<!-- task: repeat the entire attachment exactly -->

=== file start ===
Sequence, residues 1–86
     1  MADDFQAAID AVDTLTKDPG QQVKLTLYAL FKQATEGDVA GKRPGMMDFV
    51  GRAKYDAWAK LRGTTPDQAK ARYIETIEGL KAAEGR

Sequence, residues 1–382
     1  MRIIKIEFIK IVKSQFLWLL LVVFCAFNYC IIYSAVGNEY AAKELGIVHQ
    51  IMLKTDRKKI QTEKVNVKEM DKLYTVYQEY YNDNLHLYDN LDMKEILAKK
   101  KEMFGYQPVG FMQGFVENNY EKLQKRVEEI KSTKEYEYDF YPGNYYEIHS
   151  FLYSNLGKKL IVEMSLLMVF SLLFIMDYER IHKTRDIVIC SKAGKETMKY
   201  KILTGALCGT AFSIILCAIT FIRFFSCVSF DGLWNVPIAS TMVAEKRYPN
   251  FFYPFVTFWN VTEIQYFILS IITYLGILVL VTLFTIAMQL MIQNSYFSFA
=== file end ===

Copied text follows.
Sequence, residues 1–86
     1  MADDFQAAID AVDTLTKDPG QQVKLTLYAL FKQATEGDVA GKRPGMMDFV
    51  GRAKYDAWAK LRGTTPDQAK ARYIETIEGL KAAEGR

Sequence, residues 1–382
     1  MRIIKIEFIK IVKSQFLWLL LVVFCAFNYC IIYSAVGNEY AAKELGIVHQ
    51  IMLKTDRKKI QTEKVNVKEM DKLYTVYQEY YNDNLHLYDN LDMKEILAKK
   101  KEMFGYQPVG FMQGFVENNY EKLQKRVEEI KSTKEYEYDF YPGNYYEIHS
   151  FLYSNLGKKL IVEMSLLMVF SLLFIMDYER IHKTRDIVIC SKAGKETMKY
   201  KILTGALCGT AFSIILCAIT FIRFFSCVSF DGLWNVPIAS TMVAEKRYPN
   251  FFYPFVTFWN VTEIQYFILS IITYLGILVL VTLFTIAMQL MIQNSYFSFA